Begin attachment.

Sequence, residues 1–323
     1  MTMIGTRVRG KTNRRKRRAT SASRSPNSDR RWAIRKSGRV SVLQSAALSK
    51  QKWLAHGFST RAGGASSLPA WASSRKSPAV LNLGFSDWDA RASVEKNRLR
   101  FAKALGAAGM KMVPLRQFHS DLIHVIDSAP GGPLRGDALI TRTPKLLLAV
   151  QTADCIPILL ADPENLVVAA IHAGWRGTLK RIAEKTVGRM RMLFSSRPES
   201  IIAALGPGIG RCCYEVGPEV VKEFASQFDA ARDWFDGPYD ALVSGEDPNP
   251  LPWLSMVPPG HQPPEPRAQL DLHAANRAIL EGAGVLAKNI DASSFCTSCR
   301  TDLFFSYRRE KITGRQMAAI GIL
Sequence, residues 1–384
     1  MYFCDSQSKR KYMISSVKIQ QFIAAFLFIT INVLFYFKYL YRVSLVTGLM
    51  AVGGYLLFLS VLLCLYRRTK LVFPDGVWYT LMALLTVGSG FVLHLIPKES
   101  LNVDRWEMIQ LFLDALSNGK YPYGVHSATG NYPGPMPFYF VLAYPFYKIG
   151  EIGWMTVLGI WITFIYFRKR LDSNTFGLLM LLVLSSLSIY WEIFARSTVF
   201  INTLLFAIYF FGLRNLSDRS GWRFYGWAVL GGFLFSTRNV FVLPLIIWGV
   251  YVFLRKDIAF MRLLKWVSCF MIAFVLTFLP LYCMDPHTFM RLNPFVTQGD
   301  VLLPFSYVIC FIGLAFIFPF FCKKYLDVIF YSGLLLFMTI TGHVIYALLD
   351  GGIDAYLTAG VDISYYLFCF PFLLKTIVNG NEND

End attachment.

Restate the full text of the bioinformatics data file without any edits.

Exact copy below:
Sequence, residues 1–323
     1  MTMIGTRVRG KTNRRKRRAT SASRSPNSDR RWAIRKSGRV SVLQSAALSK
    51  QKWLAHGFST RAGGASSLPA WASSRKSPAV LNLGFSDWDA RASVEKNRLR
   101  FAKALGAAGM KMVPLRQFHS DLIHVIDSAP GGPLRGDALI TRTPKLLLAV
   151  QTADCIPILL ADPENLVVAA IHAGWRGTLK RIAEKTVGRM RMLFSSRPES
   201  IIAALGPGIG RCCYEVGPEV VKEFASQFDA ARDWFDGPYD ALVSGEDPNP
   251  LPWLSMVPPG HQPPEPRAQL DLHAANRAIL EGAGVLAKNI DASSFCTSCR
   301  TDLFFSYRRE KITGRQMAAI GIL
Sequence, residues 1–384
     1  MYFCDSQSKR KYMISSVKIQ QFIAAFLFIT INVLFYFKYL YRVSLVTGLM
    51  AVGGYLLFLS VLLCLYRRTK LVFPDGVWYT LMALLTVGSG FVLHLIPKES
   101  LNVDRWEMIQ LFLDALSNGK YPYGVHSATG NYPGPMPFYF VLAYPFYKIG
   151  EIGWMTVLGI WITFIYFRKR LDSNTFGLLM LLVLSSLSIY WEIFARSTVF
   201  INTLLFAIYF FGLRNLSDRS GWRFYGWAVL GGFLFSTRNV FVLPLIIWGV
   251  YVFLRKDIAF MRLLKWVSCF MIAFVLTFLP LYCMDPHTFM RLNPFVTQGD
   301  VLLPFSYVIC FIGLAFIFPF FCKKYLDVIF YSGLLLFMTI TGHVIYALLD
   351  GGIDAYLTAG VDISYYLFCF PFLLKTIVNG NEND